Poor response to mechanical, electrical, and civil engineering flows of students transitioning to computer science related courses has resulted in a severe shortage of qualified computer science teachers.
Colleges find it difficult to recruit new faculty members needed for computer science. Several colleges have started combining Artificial Intelligence, Machine Learning and Data Science courses in a new stream format as the existing Computer Science Engineering (CSE) is in high demand.
“Finding qualified teachers is a huge problem, given the shortage while good teachers are being stolen for better salaries,” the correspondent of a technical college agrees. All the seats of AI and ML stream have been taken at his university, but he now finds it extremely difficult to find teachers.
Seat Occupied Percentage
This year in Computer Science Engineering (CSE) 17,596 seats were filled out of 19,101, while in CSE – (AI & ML) 6,377 of 7,759 were filled. In Information Technology (IT) 4,872 seats were taken against 5,350 seats. The seat percentage in all computer-related courses is above 85%.
On the other hand, Electrical Engineering was chosen by only 2,991 out of 7,142 seats available at 41.88% and Civil Engineering was chosen by 2,391 out of 6,243 seats at 38.31%. Mechanically it was the hardest hit this year with only 28.18% seats occupied and just 1,663 seats away from 5,902. So the obvious shift was toward computer science.
How did the universities of applied sciences obtain permission for extra seats and new study programmes? An official explains that the All India Council for Technical Education (AICTE) has authorized new courses and additional intake based on what is uploaded on the university website rather than personal inspection. “It has been three years since there has been no inspection at all by the AICTE,” he said, seeking anonymity.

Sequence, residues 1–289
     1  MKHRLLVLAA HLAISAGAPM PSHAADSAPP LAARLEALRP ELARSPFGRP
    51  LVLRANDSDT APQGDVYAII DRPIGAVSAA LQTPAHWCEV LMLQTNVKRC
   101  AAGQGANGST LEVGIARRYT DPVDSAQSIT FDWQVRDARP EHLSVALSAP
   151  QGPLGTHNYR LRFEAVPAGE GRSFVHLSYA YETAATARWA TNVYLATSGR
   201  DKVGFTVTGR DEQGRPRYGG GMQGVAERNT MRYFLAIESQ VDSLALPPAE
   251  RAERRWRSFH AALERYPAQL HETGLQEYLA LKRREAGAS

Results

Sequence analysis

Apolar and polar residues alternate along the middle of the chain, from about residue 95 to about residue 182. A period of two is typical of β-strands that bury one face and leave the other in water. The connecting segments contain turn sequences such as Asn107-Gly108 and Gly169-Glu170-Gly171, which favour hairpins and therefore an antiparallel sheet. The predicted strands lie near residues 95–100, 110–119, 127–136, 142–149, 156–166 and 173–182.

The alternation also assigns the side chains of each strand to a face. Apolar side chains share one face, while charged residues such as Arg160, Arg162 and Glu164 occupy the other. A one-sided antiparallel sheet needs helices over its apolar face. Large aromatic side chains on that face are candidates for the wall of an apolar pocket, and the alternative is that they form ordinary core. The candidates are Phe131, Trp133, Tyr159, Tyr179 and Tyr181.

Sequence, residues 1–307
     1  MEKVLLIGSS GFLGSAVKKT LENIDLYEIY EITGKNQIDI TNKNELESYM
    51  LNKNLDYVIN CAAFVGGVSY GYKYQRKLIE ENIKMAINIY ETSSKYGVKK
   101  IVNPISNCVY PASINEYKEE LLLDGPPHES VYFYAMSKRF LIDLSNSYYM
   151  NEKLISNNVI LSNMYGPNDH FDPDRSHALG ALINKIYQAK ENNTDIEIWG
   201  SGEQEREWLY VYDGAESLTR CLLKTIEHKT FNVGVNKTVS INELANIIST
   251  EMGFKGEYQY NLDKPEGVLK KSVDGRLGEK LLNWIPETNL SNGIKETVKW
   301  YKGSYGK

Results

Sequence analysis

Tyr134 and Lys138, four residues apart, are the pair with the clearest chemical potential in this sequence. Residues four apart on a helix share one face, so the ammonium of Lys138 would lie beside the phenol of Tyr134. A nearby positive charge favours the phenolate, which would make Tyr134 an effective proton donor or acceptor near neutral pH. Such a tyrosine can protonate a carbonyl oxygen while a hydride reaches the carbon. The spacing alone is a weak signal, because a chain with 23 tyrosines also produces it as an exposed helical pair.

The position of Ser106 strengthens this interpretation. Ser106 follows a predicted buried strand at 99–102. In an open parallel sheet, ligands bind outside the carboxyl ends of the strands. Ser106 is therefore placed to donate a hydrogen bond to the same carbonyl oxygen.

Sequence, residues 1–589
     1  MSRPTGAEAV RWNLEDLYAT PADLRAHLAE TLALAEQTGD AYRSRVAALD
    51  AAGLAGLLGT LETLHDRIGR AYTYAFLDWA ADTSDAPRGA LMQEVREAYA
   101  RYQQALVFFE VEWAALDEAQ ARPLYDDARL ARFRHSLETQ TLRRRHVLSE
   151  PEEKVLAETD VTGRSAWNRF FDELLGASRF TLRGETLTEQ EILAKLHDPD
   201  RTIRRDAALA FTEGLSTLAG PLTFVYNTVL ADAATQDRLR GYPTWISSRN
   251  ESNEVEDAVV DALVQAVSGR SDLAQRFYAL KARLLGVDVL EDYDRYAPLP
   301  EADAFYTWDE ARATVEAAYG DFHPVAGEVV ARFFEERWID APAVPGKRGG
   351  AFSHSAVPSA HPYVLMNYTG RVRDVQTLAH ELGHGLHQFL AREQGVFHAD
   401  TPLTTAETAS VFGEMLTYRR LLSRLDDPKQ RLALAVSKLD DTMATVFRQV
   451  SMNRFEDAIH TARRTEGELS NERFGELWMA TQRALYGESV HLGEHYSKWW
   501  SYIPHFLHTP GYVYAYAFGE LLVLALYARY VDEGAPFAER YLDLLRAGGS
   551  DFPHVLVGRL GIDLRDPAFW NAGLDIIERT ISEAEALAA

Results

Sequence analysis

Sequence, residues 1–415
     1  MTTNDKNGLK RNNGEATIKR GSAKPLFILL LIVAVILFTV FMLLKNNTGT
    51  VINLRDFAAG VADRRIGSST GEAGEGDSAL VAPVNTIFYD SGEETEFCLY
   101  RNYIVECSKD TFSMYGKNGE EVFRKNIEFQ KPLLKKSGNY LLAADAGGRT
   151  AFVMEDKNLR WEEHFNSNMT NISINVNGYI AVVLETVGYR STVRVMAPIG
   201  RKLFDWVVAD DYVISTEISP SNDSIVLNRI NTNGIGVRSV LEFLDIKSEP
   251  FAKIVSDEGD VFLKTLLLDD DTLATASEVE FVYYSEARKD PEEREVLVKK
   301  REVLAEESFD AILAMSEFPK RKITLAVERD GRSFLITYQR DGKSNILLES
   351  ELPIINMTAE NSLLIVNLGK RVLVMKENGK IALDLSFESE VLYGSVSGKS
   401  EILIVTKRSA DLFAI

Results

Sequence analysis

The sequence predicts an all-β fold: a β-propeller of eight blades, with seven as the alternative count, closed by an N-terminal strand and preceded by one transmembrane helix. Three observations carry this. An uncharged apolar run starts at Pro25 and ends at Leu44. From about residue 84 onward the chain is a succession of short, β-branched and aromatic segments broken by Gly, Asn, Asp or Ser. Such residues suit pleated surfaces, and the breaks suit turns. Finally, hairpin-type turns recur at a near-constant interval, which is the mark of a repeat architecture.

When JNTU-Hyderabad (JNTU-H), the affiliated university, refused permission for additional enrollment in these courses, some colleges even received a “favorable” order from the Supreme Court questioning the university’s role when the AICTE had them Allowed. However, the varsity moved the Supreme Court and received a suspension of the injunction stating that JNTU-H had the right to join after inspecting the facilities.
JNTU-H Vice Chancellor Katta Narsimha Reddy acknowledged the shortfall and said the varsity has enabled 1% of the staff to take interdisciplinary courses to remedy the shortfall. According to the first year syllabus, teachers of mathematics, physics and chemistry should suffice. “From the second year, they will study technical subjects and if colleges fail to recruit computer science teachers, the courses will not be extended,” he warned.
Director of National Institute of Technology (NIT) Warangal N.V. Ramana Rao advises colleges to send their staff for Faculty Development Programs (FDP) conducted by IITs and NITs to ensure they acquire the necessary skills. This is a rigorous program aimed at strengthening faculty skills in emerging technical fields, but teachers from Telugu states are refraining from participating. A senior professor said colleges were unwilling to send their teachers for FDPs, fearing that they would poach these skilled teachers through other colleges that offer better pay.
Telangana State Council for Higher Education (TSCHE) Vice-President V. Venkataramana said TSCHE has prepared a perspective plan to close these gaps in academics. TSCHE can partner with top universities like NTU, Singapore, MIT, USA or the IITs in India to bridge this gap.
Several online courses are offered by top universities of the world and varsities can utilize them by offering credits in these new areas of study. He recalls that IT Minister KT Rama Rao has declared 2019-20 the Year of Artificial Intelligence in Telangana and acknowledges the growing role of AI.